Black Widow is a band that puts the “cult” in occult rock. Pre-dating Black Sabbath and embracing the psychedelic flavour of the Age of Aquarius, their 1970 record “Sacrifice” spawned the oft-covered classic “Come to the Sabbat.” At the height of their popularity, Black Widow’s elaborate live stage show included re-enactments of diabolical rites. Tensions within the band led to a change in creative direction, but after decades apart, original members Clive Jones and Geoff Griffith resurrected Black Widow and released 2011’s “Sleeping with Demons,” a hard rock celebration of all things dark and wicked. In spite of a tenacious battle with cancer, Clive is prepping for a return to the studio and a fresh batch of Black Widow tracks. OccultRock.com got to speak to Clive about the band’s legacy as well as what the future holds.
OR: Over the course of the band’s existence, Black Widow has written songs that cover a number of topics and themes, but you’re most famous for your occult-themed music. How do you feel about the fact that Black Widow is, for many fans, a band defined by its links with the occult?
CJ: That’s exactly what Black Widow should be! We were certainly the first band in the UK to touch the subject of black magic.
Coven in the USA did the same type of thing and met with the same problems we did, usually from the radio stations who were afraid to play the records. I’m a friend of Jinx Dawson from Coven, and it would be great if one day we can work together.
Black Widow went further, of course, and did what was at the time a shocking stage show to go with the music.
When Black Widow left the black magic theme and became an ordinary rock band, it was against some of the band members’ wishes and it turned out to be a disaster. That’s why the new album “Sleeping with Demons “ returns to the black magic theme we loved so much.
Any Black Widow album in the future will deal with black magic, but remember that black magic has many disguises and can also be fun on the surface while dark underneath.
OR: What inspired the evolution from the soul/R&B of Pesky Gee! to Black Widow’s occult psych/prog rock and theatrical presentation?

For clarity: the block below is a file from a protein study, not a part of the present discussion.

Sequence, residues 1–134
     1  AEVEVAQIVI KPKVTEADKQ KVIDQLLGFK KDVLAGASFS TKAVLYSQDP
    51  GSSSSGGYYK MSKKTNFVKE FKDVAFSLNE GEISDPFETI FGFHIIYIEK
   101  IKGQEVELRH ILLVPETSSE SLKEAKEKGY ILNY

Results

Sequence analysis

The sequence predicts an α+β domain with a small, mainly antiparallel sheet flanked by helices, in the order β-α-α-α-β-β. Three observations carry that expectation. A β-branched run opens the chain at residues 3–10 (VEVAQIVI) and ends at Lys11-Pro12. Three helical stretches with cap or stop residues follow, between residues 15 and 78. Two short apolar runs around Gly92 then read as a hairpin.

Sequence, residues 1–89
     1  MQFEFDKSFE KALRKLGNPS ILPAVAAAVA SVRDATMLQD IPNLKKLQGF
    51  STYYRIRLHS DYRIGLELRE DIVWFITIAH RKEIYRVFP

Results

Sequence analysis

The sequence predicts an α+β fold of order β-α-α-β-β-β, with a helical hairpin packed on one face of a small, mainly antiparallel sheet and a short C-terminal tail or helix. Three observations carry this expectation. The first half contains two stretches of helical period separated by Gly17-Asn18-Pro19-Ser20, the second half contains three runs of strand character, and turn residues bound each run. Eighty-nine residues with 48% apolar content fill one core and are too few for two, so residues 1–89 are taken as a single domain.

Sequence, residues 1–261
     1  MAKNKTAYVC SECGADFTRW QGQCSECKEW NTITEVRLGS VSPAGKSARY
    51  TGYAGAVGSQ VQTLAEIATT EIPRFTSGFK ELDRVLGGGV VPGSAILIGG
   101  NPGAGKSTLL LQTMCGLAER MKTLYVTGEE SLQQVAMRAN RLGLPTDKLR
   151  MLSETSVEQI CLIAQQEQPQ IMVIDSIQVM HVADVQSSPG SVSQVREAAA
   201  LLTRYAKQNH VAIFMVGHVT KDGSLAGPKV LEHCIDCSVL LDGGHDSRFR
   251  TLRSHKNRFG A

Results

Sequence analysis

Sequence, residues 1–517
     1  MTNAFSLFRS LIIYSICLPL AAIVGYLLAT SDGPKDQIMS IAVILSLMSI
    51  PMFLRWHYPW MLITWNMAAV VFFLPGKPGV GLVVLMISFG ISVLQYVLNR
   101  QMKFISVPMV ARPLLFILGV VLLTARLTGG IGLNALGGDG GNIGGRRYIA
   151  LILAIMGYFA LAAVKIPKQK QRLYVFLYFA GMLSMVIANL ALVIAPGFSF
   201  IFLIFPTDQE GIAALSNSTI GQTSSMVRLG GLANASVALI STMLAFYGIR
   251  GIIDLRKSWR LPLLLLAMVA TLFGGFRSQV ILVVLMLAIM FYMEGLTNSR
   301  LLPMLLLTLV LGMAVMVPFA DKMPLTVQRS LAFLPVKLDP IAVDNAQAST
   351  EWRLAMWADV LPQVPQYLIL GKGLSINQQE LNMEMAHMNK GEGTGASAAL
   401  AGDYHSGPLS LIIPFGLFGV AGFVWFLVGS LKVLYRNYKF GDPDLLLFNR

CJ: Pesky Gee! Was great fun at the time we loved playing all the soul numbers and playing those clubs but that scene was starting to die so we thought about changing our music. Our drummer Clive Box came up with the idea of a black magic show, and a lot of background work went into the change as we needed to be authentic and use the correct words and actions for the stage show.
We worked with a stage producer on the show and first performed it at the Phoenix Theatre in Leicester where we were from, it was a great success.
CJ: Well that song was written by myself and the guitarist and as soon as we were working on it, we knew it was something special; it was different but also had a commercial feel to it. As soon as the management heard it, they knew it would be the single. It was actually wrongly titled "Astaroth" to start with, but of course everyone was calling it “Come to the Sabbat.” In other countries it often gets titled “Come to the Sabbath.”
Over the years I have had many versions sent to me—I have about fifteen at the moment; some good, some not so good, but I’m always proud to know that someone has covered the song.
It’s actually noted as the first song Bruce Dickinson from Iron Maiden ever bought and he still often plays it on his radio show!
OR: Is there any truth to Wiccan High Priest Alex Sanders’ involvement with Black Widow’s music and stage shows? If so, can you tell us how the band came to meet and work with Sanders?